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Abu Dhabi, UAEThursday 18 October 2018

Saudi Arabia's non-oil private sector growth cools off in September

The non-oil private sector growth slipped to the slowest pace in four months, according to Emirates NBD survey 

The non-oil private sector growth in Saudi Arabia slipped to the slowest pace in four months. AP
The non-oil private sector growth in Saudi Arabia slipped to the slowest pace in four months. AP

Saudi Arabia’s non-oil sector growth cooled off in September, slipping to the slowest pace in four months as activity was dragged down by slower output and new orders in the biggest Arabian Gulf economy, according to a survey.

The Emirates NBD Purchasing Managers’ Index (PMI) for Saudi Arabia eased to 53.4 in September down from 55.1 in August. A reading above the 50-mark indicates growth and below 50 signals contraction. The index is a composite indicator designed to give an overview of operating conditions in the non-oil private sector economy. The survey is sponsored by Dubai's biggest lender, Emirates NBD, and produced by IHS Market.

“The decline was due to softer growth in output and new orders, with new export orders contracting last month. Employment and inventory growth were also weaker in September, weighing on the headline PMI,” Khatija Haque, the head of Middle East and North Africa research at Emirates NBD, said.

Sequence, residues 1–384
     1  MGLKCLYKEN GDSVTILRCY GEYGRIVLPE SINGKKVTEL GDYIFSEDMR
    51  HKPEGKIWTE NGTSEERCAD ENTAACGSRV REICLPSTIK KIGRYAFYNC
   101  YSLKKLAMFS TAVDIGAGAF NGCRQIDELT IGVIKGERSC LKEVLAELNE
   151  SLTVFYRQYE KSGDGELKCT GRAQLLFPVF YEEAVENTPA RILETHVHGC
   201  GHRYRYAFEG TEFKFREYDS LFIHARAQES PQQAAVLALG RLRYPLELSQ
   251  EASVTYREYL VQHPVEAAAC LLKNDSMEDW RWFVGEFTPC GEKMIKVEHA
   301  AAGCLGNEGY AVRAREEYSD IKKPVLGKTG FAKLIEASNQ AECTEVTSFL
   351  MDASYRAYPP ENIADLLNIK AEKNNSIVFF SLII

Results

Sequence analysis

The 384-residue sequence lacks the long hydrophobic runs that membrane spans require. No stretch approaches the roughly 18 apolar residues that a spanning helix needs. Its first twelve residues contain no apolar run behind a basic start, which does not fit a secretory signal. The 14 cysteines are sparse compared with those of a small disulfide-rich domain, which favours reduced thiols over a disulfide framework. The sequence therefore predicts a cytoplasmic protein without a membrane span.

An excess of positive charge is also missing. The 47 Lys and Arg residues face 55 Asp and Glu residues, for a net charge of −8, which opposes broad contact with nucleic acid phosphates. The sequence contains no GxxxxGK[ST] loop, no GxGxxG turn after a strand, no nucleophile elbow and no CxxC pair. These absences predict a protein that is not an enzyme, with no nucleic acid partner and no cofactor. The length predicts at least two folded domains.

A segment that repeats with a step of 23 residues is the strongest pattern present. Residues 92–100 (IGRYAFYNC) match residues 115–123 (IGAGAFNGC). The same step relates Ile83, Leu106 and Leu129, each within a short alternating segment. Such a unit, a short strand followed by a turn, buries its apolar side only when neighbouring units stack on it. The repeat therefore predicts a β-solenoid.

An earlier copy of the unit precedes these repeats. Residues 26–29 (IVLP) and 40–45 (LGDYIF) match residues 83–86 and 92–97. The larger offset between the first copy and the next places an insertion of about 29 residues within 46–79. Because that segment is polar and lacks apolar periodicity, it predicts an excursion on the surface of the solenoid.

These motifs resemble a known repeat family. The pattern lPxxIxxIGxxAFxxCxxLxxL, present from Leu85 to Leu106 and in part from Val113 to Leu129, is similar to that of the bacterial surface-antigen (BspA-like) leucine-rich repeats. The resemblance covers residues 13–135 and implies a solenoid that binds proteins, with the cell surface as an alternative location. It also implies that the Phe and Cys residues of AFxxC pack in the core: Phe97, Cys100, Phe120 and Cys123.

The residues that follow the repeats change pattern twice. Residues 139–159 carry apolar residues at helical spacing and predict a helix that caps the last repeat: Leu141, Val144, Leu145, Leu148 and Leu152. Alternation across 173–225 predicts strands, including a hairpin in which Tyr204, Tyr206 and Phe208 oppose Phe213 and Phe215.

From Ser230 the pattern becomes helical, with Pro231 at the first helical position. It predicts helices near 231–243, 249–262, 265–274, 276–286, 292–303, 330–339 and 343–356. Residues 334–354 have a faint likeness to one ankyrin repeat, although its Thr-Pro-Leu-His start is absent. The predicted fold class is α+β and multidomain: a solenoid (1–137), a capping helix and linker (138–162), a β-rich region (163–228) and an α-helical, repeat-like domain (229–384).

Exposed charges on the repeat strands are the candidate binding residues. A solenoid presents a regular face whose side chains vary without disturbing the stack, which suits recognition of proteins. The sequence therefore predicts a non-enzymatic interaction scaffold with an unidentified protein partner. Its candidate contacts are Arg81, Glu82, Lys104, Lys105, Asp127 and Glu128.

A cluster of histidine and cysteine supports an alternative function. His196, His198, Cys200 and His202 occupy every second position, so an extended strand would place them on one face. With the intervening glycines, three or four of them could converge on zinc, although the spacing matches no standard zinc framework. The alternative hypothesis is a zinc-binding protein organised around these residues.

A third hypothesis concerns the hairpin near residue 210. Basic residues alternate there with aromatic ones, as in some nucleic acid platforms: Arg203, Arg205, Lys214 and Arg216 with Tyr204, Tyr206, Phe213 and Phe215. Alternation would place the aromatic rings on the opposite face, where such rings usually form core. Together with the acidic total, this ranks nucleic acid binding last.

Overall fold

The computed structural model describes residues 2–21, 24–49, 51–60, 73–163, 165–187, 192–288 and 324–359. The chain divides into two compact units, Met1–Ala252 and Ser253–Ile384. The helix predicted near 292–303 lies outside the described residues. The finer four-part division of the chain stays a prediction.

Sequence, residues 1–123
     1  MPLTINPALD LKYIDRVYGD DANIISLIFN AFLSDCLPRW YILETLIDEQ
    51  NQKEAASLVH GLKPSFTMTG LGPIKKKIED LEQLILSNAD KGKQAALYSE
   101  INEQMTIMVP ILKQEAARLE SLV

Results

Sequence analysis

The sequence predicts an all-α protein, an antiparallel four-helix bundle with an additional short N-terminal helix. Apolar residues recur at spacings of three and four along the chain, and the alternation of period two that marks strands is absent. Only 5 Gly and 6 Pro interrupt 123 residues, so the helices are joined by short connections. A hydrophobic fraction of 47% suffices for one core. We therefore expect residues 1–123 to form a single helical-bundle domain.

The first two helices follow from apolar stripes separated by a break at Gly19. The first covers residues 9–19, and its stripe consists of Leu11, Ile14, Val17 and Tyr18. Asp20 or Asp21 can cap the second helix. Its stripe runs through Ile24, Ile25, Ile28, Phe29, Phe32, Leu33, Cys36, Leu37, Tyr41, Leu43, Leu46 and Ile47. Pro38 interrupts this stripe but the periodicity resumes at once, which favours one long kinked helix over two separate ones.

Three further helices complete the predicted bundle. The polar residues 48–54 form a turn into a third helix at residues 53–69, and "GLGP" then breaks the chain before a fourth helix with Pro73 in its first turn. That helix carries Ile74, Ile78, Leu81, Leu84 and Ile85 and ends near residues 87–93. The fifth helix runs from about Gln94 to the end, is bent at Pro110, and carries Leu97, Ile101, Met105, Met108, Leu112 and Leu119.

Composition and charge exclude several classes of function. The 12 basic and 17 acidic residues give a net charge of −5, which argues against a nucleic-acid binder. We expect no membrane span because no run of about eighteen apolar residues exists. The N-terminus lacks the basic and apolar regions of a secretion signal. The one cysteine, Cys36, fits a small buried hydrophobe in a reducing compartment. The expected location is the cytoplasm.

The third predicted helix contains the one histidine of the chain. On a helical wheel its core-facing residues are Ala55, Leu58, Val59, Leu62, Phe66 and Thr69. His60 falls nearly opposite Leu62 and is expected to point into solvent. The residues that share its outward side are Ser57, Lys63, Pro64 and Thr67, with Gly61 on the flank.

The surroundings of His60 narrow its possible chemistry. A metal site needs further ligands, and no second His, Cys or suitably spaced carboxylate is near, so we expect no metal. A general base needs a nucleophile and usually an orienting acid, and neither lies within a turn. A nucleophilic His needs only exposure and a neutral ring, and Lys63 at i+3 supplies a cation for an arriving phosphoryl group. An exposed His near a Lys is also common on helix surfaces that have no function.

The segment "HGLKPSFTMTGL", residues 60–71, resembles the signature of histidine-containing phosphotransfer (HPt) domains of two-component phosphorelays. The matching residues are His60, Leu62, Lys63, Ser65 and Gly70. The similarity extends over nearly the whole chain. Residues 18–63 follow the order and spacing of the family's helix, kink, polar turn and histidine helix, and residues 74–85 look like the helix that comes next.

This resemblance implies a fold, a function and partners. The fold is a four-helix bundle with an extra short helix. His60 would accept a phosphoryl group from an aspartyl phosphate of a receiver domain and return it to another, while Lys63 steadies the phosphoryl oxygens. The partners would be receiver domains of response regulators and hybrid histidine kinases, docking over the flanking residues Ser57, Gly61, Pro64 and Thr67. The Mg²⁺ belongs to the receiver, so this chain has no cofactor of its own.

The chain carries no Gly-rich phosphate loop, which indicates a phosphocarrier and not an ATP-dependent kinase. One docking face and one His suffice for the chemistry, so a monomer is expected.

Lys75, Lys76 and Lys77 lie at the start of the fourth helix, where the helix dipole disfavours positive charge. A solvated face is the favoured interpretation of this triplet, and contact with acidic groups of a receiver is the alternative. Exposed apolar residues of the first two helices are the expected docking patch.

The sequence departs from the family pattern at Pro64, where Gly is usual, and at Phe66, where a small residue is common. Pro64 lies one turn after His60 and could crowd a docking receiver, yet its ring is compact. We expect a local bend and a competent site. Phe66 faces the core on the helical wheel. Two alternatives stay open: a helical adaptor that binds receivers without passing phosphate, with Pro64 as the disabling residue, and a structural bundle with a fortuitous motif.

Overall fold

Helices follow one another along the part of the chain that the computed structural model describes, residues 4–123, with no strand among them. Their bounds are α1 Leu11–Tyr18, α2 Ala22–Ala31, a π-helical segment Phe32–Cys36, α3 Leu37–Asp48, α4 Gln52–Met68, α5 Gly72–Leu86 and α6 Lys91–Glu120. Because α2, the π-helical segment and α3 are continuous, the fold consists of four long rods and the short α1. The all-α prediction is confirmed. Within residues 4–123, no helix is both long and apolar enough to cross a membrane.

The employment index for the kingdom, fell to 50.7 in September, the lowest since November 2017, as nearly 97 per cent of the firms surveyed indicated no change in staffing last month. Staff costs - a proxy for wages - declined marginally for the first time since April 2016, she said. Firms also cut selling prices for the third month in a row in September even as input costs rose. However, the rate of producer price inflation eased from August, she noted.

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Despite the softness in the September survey, the PMI for the third quarter was still higher than the first two quarters of this year. However this did not translate into faster employment growth.

“The September survey data points to slower growth in the non-oil private sector, which is surprising given the backdrop of rising oil prices and sharply higher oil production since June. However, we remain optimistic that sustained higher oil production will support faster expansion in the non-oil sectors in Q4, particularly manufacturing, transport and logistics,” Ms Haque said.

This view, she said, appears to be shared by many of the firms surveyed, as nearly 39 per cent of managers expect their output to be higher in 12 months, the most since the May survey.

Output across the non-oil private sector increased at a slower rate during September, as inflows of new orders also slowed, according to anecdotal evidence. The rate of growth in output eased to the lowest seen since April, and registered below the long-run average.

Client demand for goods and services across Saudi Arabia’s non-oil private sector, however, rose during September, extending the current sequence of growth to five months. That said, the rate of growth eased in the latest survey, with September’s rise being the second-weakest in the same period, according to the survey.